Planning the Transsiberian, Part 1: How cold is too cold?

In only a few weeks I'll be away to Russia, Mongolia, China and Tibet for yet another Monsoon Diaries adventure. I'll also be stopping in Romania and Moldova on my way to Russia for some extra travel!

Back in 2009 when I went on the Madrid tour before my semester of studying in Spain, it was cold. It wasn't super cold, but it was cold...all the time.

The hotel room was cold because you had to insert your key into the light switch to turn on the heat in the room (thus, you can't warm it up while you're not present). The bus that we hopped in at 7am each morning was cold from being parked outside all night. The castles and churches weren't heated, and of course walking around outdoors in Segovia and Toledo we were completely exposed to the elements. Thus, it was impossible to get warm. The only time you weren't slowly dying from invisible frostbite was when you were buried deep in your bedsheets in the middle of the night.

Which brings me to the topic at hand: SIBERIA!

Charles XII of Sweden, Napoleon of France, and the Wehrmacht of Nazi Germany all were victims of the Russian Winter. In short: it's COLD.

Here's my thrilling profile at the moment.

Hong Kong at the end of this trip will be a much-needed relief. 
I'm used to cold. I'm from Chicago. It's currently below freezing, and has been for the past few days. Heck, I'm stubborn and still haven't turned on heat in my apartment, and it's 52*F currently in here. I've walked home a mile from work in 14*F, when schools and businesses were closed because it was too cold. My eyes teared up from the cold, and my eyelashes froze together. I get it. I understand cold.

But cold is still cold. And not knowing when you'll have comfort from the cold is disconcerting. Will there be fireplaces? Please let there be fireplaces. Please don't let the only place saving me from cold be in my bedsheets in the dead of night.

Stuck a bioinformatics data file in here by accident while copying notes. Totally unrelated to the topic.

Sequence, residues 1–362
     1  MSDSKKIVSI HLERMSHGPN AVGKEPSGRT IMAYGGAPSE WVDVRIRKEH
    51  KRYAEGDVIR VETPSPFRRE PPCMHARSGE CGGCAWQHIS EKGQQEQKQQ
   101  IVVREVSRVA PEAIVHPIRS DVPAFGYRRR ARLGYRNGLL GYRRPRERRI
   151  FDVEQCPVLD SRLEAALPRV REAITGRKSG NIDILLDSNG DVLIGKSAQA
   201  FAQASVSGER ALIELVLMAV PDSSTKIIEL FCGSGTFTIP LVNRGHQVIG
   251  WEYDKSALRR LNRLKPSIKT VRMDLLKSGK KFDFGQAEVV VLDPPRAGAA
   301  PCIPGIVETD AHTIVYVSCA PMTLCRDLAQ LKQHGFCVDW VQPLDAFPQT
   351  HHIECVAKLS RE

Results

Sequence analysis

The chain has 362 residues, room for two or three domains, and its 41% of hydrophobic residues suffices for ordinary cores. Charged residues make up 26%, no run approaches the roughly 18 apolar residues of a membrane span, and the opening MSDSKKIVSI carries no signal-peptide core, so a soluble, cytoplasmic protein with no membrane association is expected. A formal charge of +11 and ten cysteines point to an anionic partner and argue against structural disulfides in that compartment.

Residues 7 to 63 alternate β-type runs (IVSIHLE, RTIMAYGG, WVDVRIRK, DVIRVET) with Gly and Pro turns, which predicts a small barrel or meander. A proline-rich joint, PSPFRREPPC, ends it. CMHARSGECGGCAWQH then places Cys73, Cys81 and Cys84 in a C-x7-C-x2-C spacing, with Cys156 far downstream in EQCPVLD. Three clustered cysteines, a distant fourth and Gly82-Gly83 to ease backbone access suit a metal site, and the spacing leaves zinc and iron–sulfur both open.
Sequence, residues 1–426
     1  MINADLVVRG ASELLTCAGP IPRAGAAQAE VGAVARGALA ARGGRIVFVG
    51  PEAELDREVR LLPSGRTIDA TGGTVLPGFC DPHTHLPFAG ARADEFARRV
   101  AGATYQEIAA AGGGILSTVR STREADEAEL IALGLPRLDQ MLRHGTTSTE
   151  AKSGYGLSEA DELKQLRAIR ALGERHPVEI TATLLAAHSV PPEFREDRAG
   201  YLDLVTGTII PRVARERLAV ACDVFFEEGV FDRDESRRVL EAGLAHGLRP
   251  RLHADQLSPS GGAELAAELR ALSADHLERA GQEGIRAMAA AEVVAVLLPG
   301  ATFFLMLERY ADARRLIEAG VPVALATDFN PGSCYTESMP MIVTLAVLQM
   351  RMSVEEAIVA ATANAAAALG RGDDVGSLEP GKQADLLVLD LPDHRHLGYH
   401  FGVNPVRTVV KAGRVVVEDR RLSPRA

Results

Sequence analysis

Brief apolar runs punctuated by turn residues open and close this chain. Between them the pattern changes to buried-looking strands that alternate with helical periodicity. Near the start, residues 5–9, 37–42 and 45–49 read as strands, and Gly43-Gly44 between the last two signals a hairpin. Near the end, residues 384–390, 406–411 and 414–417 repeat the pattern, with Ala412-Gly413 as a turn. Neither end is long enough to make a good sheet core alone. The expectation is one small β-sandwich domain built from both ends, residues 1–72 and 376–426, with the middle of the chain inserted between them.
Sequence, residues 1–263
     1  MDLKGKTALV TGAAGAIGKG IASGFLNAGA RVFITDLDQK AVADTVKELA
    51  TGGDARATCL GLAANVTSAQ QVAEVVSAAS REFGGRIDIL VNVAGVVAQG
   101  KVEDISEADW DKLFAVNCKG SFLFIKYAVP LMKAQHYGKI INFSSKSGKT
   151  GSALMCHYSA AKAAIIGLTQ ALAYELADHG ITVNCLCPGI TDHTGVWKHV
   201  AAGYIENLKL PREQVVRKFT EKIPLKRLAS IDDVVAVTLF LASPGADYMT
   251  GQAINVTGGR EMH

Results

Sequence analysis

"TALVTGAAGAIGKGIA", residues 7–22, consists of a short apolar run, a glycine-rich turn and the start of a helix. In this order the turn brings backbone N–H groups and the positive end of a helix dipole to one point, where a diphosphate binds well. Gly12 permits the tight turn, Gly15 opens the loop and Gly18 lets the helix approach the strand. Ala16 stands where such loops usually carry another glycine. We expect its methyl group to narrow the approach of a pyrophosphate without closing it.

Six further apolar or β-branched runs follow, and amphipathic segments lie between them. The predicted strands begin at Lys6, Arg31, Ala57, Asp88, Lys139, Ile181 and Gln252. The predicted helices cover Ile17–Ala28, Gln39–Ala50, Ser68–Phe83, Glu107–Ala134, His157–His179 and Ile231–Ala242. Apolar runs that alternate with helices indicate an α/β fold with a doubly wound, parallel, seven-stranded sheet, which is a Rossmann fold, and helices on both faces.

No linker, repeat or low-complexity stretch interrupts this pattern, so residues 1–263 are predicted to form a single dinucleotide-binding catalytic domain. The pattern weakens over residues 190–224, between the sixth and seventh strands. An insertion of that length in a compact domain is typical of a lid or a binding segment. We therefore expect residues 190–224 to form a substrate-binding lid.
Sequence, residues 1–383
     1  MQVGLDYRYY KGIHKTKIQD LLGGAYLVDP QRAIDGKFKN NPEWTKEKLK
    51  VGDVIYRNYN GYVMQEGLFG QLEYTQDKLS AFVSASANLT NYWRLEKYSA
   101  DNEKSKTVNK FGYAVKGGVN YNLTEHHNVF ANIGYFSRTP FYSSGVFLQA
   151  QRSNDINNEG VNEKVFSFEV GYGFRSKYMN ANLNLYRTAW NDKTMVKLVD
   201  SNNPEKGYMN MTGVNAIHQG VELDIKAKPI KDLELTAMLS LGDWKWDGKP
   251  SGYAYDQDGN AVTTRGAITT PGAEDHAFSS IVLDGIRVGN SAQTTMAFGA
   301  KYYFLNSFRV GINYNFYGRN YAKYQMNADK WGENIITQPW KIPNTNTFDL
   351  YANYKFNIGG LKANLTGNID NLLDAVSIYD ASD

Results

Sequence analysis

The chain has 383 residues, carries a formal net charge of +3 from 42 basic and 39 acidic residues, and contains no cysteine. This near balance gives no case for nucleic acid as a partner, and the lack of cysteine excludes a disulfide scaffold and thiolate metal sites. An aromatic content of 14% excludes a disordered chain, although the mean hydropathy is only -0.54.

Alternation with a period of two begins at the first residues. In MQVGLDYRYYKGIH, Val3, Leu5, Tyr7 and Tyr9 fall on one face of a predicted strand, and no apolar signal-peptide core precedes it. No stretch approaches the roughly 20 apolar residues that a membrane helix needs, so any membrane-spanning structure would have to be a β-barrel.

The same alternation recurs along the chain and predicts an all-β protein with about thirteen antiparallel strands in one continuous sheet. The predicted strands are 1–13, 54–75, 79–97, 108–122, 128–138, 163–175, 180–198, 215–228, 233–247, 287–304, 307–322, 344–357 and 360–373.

By far the coldest place we will be is Ulaanbaatar, Mongolia, where we have the brilliant plans to spend THE MOST TIME OUTDOORS.

It is in Mongolia where we will be going horseback riding. Apparently they will supply us clothing while we're there, and I hope that the supplied clothing is the shell of an animal carcass because I am pretty sure that is the only thing that could keep me comfortable in -20*F (-29*C) weather. But hey, the bright side is there's no windchill factor like I've experienced in Chicago. Don't you worry, when it says it's -20*F, it "feels like" -20*F! So...great.

After concerning myself with my warmth and my comfort, I realized...these horses have to deal with the bitter cold, too! A quick search on Google, however, ensures me that horses (as long as they have shelter) can withstand temperatures as low as -40*F, according to the University of Minnesota. To think that every year people protest for horse comfort to the drivers of the little tourist horse buggies here in Chicago when it dips below 20*F. I guess they're still 60 degrees away from complete discomfort!

So these are my current concerns/thoughts. Maybe I will return from this trip without any fingers or ears (I feel like those are the first to go in extreme freezing temps). Maybe I'll return in snowwoman form. I just don't know.